Terminology is a good thing. It helps define what we’re doing. It gives you somewhere to aim. But sometimes it doesn’t communicate, except by example. That’s what I found when I was learning about “pinch points.”
The other day I’m at lunch and someone asks me what I’ve been up to. An innocent and frequent question that leaves me cold. I freeze, like always, but this time I blurt out “pinch points.” I get a few looks. No, this has nothing to do with fifty shades of kink, but it is probably a technique used in Fifty Shades of Grey, though I’d be hard pressed to identify where it’s used. Pinch points are new to my vernacular as a writer. Although I studied screenwriting back in the day, and even wrote a couple of screen plays, that should stay hanging with the dust bunnies under the bed, this was new terminology to me. Maybe that’s why my screen plays never quite worked. They’re that moment in the story that takes you right to the emotional crux of the situation, not through the point of view of one of the principal characters, but by direct action. A pinch point reignites the emotional quest and reminds the reader of what’s at stake. Pinch points are found in the middle of the story – in act two. They show the conflict in a quick snapshot.

Here Are Some Examples of Pinch Points:
From: Romance University on Pinch Points

Here’s an example from the movie Raiders of the Lost Ark. Its second act looks like:

25% Turning Point #1, Call to Action = Army Intelligence sending Indy after Ark (Outer Goal clear)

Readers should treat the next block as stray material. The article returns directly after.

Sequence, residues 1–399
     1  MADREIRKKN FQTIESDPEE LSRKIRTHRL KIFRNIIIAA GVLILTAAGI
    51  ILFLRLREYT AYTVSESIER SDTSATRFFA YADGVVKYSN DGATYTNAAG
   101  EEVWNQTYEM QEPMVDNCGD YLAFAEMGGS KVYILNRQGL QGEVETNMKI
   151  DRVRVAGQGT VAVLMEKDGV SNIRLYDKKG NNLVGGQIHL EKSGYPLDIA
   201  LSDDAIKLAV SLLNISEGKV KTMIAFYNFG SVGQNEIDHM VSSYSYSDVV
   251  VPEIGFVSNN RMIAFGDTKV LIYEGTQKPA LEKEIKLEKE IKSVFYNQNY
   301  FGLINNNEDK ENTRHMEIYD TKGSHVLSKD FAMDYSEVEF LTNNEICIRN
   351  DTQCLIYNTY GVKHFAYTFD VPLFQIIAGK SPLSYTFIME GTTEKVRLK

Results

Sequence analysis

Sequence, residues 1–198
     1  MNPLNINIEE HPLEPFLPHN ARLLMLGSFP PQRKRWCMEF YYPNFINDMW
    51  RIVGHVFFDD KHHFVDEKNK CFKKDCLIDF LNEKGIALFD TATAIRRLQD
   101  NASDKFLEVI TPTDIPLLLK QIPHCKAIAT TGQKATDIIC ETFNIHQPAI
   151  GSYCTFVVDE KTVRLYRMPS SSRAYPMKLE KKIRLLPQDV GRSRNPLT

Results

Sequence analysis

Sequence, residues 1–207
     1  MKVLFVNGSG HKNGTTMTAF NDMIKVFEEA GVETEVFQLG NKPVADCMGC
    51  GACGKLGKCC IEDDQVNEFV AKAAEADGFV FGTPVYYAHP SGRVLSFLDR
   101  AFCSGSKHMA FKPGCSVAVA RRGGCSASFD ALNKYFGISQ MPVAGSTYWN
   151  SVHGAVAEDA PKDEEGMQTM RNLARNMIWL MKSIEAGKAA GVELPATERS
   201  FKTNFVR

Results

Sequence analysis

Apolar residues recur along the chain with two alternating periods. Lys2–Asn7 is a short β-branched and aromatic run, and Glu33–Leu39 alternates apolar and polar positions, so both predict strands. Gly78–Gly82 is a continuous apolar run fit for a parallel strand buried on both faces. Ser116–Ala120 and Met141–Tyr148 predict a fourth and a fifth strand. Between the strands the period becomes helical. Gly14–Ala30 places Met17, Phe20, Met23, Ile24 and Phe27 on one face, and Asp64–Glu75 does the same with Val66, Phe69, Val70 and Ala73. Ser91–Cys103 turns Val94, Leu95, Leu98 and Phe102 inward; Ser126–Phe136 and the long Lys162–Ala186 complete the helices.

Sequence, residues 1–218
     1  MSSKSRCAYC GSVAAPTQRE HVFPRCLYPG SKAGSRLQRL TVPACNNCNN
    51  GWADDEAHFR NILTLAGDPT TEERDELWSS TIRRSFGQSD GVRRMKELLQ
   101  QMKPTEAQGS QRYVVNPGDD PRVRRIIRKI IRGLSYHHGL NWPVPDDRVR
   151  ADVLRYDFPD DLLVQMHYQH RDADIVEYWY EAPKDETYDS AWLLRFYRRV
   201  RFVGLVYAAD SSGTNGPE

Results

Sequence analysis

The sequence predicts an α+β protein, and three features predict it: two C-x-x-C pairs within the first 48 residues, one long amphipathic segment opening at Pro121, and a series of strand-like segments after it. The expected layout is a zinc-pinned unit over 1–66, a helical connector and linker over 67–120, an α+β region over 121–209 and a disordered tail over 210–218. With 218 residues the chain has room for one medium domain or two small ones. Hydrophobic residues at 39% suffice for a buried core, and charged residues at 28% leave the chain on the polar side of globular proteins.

*Pinch Point #1: Indy thinks Marion is dead, confronts Balloq and threatens to kill him, even though Balloq’s men would then kill Indy.
50% Midpoint: Indy finds both the Ark’s whereabouts and that Marion is alive (reversal) but instead of freeing her, leaves her with Nazi’s so that he can go after Ark. Reaffirms Outer Goal (obtaining Ark), while denying Inner Goal (need for a partner).
*Pinch Point #2: Marion and Indy “reunited” along with the snakes in the Well of Souls (reversal of first pinch point and midpoint where they were separated)
75% End of Act 2: Indy saves Marion by conquering physical manifestation of his Inner Conflict (fear of failure) Everything seems lost, the Nazis have the Ark, they have no transportation, no weapons, no plan…
Notice how the pinch points are more focused on setting up the emotional change in the character rather than action.

Or from Wikipedia on Screenwriting

Here’s an example using Star Wars:

Pinch 1: A reminder scene at about 3/8 the way through the script (halfway through Act 2a) that brings up the central conflict of the drama, reminding us of the overall conflict. For example, in Star Wars, Pinch 1 is the Stormtroopers attacking the Millennium Falcon in Mos Eisley, reminding us the Empire is after the stolen plans to the Death Star R2-D2 is carrying and Luke and Ben Kenobi are trying to get to the Rebel Alliance (the main conflict).

Pinch 2: Another reminder scene about 5/8 through the script (halfway through Act 2b) that is somehow linked to Pinch 1 in reminding the audience about the central conflict. In Star Wars, Pinch 2 is the Stormtroopers attacking them as they rescue the Princess in the Death Star. Both scenes remind us of the Empire’s opposition, and using the Stormtrooper attack motif unifies both Pinches.

Or from my Favorite:
Larry Brooks on Pinch Points

Pinch Points can be very simple and quick. It can be one character reminding the other of what’s going on. A glimpse of an approaching storm – take that literally or metaphorically, one will apply to your story – and the havoc it is capable of bestowing on all in its path.
It can be a kidnapper beating the captive just for the fun of it. Or to play the screams over the phone to pressure the person paying the ransom.
The simpler and more direct it is, the more effective it is.